Saturday, 19 January 2013

Eight Months and Change:"for one more day"

Vancouver Art Gallery, the old courthouse.

"Have you ever lost someone you love and wanted one more conversation, one more chance to make up for the time when you thought they would be here forever? If so , then you know you can go your whole life collecting days and none will outweigh the one you wish you had back."  Mitch Albom, "for one more day", Hyperion Press, New York, New York.  2006

"If wishes were horses, then beggars would ride" is a favourite saying of mine; every time I get dreaming about all the "what ifs" in life, I usually chastise myself by repeating that little truism until I finally understand that dreaming and wishing are best left for other people. In my life, it is best to just accept the reality that I am not terribly handsome or talented, I have not one ounce of charisma, and my daughter is never coming back for even a moment, much less a day.

 Still, in the wee hours of the morning, when the house is nearly silent, so quiet that the background noise of the filters on the fish tanks becomes a virtual waterfall to my vigilant ears, I sometimes ask myself "what if?".

There are just so many days with my daughter I would pick for a "do over". In fact, right now I would take any and all of them. On the other hand, if I had to make a choice, it would have been one of our "museum" days; those were all ours and ours alone.  On each of our museum days there was a sense of timelessness; the outside world and and its constant rush to the next new thing just disappeared. We two were an island unto ourselves, comfortable just to enjoy the art, artifacts and each others company.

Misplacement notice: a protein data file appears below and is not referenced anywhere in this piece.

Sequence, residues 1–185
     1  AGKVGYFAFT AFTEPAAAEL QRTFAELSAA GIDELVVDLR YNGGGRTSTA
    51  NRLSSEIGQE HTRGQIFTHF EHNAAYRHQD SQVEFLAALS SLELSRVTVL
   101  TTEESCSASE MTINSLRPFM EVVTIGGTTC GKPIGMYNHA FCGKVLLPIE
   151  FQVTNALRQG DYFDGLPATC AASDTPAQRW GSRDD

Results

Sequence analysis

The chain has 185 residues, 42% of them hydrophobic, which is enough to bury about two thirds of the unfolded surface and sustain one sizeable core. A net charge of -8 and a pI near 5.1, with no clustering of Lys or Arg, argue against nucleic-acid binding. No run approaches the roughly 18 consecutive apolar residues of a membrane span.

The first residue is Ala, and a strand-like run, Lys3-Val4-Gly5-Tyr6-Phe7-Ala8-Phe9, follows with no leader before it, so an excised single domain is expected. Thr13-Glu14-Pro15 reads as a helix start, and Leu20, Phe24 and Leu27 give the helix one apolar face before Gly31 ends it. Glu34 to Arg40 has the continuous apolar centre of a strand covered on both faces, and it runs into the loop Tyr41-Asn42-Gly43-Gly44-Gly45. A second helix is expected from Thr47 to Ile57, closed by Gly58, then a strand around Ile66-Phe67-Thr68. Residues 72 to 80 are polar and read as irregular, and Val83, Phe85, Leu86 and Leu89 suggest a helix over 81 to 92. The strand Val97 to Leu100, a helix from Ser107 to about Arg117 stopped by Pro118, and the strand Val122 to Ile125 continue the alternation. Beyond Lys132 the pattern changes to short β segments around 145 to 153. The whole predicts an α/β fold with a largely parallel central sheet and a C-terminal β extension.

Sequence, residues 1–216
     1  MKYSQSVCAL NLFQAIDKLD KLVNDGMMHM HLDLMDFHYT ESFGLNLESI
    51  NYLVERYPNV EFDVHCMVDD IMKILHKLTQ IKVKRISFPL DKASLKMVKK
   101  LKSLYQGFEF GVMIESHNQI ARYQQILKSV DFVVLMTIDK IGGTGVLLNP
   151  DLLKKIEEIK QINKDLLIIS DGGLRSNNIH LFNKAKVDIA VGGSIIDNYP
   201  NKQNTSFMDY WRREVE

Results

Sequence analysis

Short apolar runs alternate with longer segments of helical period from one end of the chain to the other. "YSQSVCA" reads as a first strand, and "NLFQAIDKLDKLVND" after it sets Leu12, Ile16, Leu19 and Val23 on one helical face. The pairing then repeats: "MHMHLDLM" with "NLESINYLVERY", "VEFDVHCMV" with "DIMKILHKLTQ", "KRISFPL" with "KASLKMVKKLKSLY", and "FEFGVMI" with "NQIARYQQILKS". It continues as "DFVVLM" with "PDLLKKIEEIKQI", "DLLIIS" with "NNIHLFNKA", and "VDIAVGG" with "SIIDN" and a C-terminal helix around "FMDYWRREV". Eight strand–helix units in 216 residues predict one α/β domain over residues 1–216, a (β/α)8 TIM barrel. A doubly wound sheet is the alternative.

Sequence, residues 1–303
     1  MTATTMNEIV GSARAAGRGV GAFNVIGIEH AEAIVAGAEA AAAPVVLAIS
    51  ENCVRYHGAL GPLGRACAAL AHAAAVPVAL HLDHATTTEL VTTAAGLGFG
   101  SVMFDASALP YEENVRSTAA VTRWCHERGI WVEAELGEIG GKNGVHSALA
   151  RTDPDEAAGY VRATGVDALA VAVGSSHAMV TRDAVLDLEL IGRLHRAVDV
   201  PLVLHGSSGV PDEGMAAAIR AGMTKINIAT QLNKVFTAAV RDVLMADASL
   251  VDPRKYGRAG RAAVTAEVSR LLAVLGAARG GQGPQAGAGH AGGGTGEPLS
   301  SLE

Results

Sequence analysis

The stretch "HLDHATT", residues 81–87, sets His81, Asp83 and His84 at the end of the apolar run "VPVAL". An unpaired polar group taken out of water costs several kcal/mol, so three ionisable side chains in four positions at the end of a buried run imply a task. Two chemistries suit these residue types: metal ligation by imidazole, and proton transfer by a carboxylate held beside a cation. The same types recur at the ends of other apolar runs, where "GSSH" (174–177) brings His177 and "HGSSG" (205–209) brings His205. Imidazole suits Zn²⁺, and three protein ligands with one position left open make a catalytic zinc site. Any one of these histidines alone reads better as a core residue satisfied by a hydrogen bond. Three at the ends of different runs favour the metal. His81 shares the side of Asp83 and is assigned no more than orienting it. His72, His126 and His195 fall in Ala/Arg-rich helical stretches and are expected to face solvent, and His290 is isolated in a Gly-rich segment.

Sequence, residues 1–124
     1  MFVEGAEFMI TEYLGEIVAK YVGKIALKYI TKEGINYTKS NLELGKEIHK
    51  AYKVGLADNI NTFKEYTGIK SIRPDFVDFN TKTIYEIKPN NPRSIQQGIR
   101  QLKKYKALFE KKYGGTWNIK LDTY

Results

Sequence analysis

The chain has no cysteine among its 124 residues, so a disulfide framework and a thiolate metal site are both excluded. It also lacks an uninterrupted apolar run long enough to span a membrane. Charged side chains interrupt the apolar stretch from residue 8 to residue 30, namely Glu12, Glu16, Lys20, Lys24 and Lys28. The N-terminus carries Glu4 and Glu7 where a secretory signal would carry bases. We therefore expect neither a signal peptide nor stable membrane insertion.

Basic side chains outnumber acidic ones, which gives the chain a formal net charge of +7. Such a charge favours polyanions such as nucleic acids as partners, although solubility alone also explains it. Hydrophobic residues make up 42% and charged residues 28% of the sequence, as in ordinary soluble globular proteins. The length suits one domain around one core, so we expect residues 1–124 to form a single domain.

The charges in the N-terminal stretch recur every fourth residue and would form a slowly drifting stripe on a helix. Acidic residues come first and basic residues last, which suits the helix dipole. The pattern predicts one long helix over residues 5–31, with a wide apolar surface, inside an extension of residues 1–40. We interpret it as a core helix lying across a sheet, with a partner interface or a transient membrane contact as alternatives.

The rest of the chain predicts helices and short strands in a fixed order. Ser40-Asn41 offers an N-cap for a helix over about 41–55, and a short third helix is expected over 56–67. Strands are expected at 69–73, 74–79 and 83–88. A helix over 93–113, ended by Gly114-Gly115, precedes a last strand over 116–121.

We fell into having museum days early on, just after we moved to Regina.  I was temporarily unemployed at the time; I had foolishly decided to pack veterinary medicine in and join the RCMP to follow my teenage dream. I had moved the entire family to Regina without any "plan B" (typical of me back then) and, as a result, I had gained three things quickly: a new home, a large mortgage, and all sorts of free time as the RCMP pondered whether I was worthy of their attention. I did not gain a job, and, as it turned out finally, because the RCMP finally decided I was not appropriate for their organisation.  "Too decision oriented" was their final decision. Anyway, I had to fill those days with something, so I explored Regina with my faithful side-kick Calista.

What do you do with a busy four-year old and tons of time on your hand? You visit the Royal Saskatchewan Museum...repeatedly.

As Calista grew up we kind of fell into a pattern of taking in every art show at Regina's Mackenzie Art Gallery on South Albert, just a few blocks away from the provincial legislature.  All our trips there were planned weeks in advance and were special days just for us; Roni did not have much interest and was just as happy to have her own special days with Calista.